Unfortunately, at least for Universal Pictures anyway, the studio didn't see all of that money. That's because someone at the company decided to sell the international rights to the film before it hit cinemas in 1999 (via the Los Angeles Times). The decision was criticized at the time, largely because many had suggested it could be a surprise hit and because its small budget meant the movie was not much of a risk.

By 2000, it was clear that this decision had been a big mistake and the studio ended up losing out on tens of millions of dollars. Universal Pictures received just $5 million in exchange for the international rights to "American Pie," a decision that it wouldn't repeat for the sequel.

Seann William Scott was paid just $8,000 for the first film

Almost all of the cast in "American Pie" was relatively unknown actors at the time, including Seann William Scott, who scored his big break with the film. Before that, he had only appeared briefly in television projects such as "Unhappily Ever After" and "Born Into Exile" along with work in a number of commercials. That meant that he wasn't in a strong position when it came to negotiating his pay, although he was probably just grateful for the opportunity to appear in a Hollywood movie.

Yet, readers may still be surprised to learn just how little Scott was paid for his work on "American Pie." During an appearance on "The Rich Eisen Show" in 2022, the actor revealed that his pay for the movie was just $8,000. Without knowing what the rest of the cast was paid, it is impossible to tell how low this figure really is. But contrast it with the $5 million he received for "American Reunion" in 2011, in addition to a share of profits (via The Hollywood Reporter), he more than made up for it. In fact, only Jason Biggs earned as much as him, with Alyson Hannigan and Eugene Levy paid just $3 million for their roles in the fourth film.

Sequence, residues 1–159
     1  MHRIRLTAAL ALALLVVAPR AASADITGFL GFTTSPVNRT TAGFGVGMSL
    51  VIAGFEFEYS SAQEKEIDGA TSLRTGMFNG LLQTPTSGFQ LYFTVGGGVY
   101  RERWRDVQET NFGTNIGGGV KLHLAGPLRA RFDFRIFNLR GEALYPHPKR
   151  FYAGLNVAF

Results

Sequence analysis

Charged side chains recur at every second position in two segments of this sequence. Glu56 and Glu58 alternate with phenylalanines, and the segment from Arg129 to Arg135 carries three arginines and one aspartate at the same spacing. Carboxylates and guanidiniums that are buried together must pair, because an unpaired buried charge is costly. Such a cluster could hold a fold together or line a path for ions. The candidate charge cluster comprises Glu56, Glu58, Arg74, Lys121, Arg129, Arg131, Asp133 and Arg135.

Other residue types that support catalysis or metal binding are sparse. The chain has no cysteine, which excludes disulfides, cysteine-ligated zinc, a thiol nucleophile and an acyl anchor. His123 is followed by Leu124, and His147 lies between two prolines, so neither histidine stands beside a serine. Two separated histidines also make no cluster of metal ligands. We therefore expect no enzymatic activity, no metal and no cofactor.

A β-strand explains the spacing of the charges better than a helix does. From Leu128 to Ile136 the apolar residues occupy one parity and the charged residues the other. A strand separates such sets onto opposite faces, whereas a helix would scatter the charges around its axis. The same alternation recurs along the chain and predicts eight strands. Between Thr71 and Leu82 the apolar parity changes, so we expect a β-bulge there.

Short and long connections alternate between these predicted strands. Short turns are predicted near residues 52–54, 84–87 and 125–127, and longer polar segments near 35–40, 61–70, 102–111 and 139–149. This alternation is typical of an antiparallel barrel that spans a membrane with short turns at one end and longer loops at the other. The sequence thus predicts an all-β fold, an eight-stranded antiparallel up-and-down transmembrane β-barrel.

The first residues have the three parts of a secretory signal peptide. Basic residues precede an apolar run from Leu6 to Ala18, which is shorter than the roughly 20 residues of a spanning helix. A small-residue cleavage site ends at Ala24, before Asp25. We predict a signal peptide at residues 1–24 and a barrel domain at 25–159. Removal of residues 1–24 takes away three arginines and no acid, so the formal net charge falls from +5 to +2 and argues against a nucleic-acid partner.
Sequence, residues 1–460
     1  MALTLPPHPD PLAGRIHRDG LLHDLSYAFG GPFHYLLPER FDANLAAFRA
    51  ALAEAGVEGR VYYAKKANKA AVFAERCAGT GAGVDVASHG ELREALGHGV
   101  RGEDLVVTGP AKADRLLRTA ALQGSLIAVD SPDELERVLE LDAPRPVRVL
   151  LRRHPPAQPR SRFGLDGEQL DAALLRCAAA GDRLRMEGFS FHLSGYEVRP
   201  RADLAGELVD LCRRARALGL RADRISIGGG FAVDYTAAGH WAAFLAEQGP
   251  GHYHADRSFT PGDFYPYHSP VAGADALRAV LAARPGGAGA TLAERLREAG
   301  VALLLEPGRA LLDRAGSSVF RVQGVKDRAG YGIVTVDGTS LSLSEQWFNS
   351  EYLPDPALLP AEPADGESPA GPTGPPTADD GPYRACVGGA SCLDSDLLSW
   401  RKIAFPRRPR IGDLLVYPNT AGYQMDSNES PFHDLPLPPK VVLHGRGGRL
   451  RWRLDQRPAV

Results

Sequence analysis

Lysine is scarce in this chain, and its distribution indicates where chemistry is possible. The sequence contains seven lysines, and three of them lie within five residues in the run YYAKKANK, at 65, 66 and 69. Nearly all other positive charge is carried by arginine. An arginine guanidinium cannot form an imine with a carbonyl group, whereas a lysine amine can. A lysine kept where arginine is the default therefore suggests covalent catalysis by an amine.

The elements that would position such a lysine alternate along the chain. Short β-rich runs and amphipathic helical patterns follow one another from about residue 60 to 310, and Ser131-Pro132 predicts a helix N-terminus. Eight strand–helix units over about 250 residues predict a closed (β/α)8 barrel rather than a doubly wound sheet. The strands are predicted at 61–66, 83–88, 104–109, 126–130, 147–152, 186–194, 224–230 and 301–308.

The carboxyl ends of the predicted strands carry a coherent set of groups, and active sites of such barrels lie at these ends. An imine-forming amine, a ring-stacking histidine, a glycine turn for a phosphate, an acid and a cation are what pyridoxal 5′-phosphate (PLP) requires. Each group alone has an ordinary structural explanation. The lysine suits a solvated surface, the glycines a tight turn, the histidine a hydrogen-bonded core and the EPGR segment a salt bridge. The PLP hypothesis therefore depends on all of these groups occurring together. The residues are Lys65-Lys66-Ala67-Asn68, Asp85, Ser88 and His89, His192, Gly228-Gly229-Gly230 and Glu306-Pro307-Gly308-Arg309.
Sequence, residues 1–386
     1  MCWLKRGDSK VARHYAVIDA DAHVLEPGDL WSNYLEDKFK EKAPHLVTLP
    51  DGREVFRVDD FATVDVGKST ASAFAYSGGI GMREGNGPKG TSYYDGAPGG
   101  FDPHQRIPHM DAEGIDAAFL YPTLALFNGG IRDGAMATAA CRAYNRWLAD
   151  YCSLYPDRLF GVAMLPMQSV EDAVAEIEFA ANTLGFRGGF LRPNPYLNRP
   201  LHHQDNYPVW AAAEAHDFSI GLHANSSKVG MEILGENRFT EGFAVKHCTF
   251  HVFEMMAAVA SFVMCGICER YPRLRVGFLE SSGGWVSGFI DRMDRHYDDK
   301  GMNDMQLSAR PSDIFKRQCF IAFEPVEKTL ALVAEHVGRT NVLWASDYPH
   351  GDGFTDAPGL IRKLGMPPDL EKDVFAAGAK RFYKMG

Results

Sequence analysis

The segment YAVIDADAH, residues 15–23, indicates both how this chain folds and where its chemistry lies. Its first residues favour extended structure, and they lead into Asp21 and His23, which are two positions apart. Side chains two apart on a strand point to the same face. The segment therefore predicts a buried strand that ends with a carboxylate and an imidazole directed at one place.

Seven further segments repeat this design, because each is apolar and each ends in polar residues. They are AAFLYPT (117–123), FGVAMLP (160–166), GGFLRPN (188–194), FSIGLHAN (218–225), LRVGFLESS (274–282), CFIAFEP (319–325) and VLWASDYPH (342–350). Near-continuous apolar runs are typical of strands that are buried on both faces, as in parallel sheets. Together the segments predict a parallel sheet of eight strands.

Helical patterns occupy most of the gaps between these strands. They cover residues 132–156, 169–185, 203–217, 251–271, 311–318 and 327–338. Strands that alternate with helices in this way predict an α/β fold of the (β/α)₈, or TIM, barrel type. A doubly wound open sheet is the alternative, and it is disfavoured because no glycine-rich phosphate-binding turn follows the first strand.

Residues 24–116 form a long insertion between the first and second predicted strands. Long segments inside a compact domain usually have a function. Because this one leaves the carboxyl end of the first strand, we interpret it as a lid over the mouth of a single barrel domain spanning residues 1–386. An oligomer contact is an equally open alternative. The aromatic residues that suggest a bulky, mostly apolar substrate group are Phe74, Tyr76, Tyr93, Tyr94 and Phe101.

Porky's and Bachelor Party were major influences

While "American Pie" has an undeniable place in the history of teen comedies, it is far from the first film of its type. Long before hit cinema screens, audiences had been able to see the likes of "Risky Business" and "The Last American Virgin," and before that, "National Lampoon's Animal House" set the tone for raunchy teen comedies that would follow in the late 1970s and 1980s. Meanwhile, "There's Something About Mary" demonstrated that there was still an appetite for this type of comedy just a year before the release of "American Pie."

Two films that were particularly influential to Adam Herz when he was writing "American Pie" were "Porky's" and "Bachelor Party." The first of these is a Bob Clark film that shares a similar premise of teenage boys trying to lose their virginity, although the events that take place are widely different. Meanwhile, "Bachelor Party" is a 1984 film that starred Tom Hanks as a groom whose friends throw him a sex-fuelled bachelor party in celebration of his upcoming marriage. The writer told Movieline: "I went back to "Porky's" over and over and studied "Bachelor Party" beat by beat to see how the jokes worked."

Chris Klein has said he wasn't asked to appear in American Pie: The Wedding

Although all of the main cast returned for "American Pie 2" in 2001 and went on to reprise their roles in the 2012 film "American Reunion," that wasn't the case for "American Wedding." There were some notable absences in the 2003 film, including Chris Klein's Oz and Chris Owen's Sherman, along with Mena Suvari, Tara Reid, Shannon Elizabeth, and Natasha Lyonne. While many of these characters are understandably not part of the story, the fact that Oz doesn't appear is strange considering how close he is with Jim.

Many people had assumed that Klein had simply decided not to take part in the film but the truth is far more complicated than that. Speaking to The Huffington Post in 2012, he confirmed that it was not his decision to miss "American Wedding," although didn't elaborate why he was excluded, saying: "Unfortunately, that was a creative decision made way above my pay grade, my man." 

The pie scene had to be edited to land an R-rating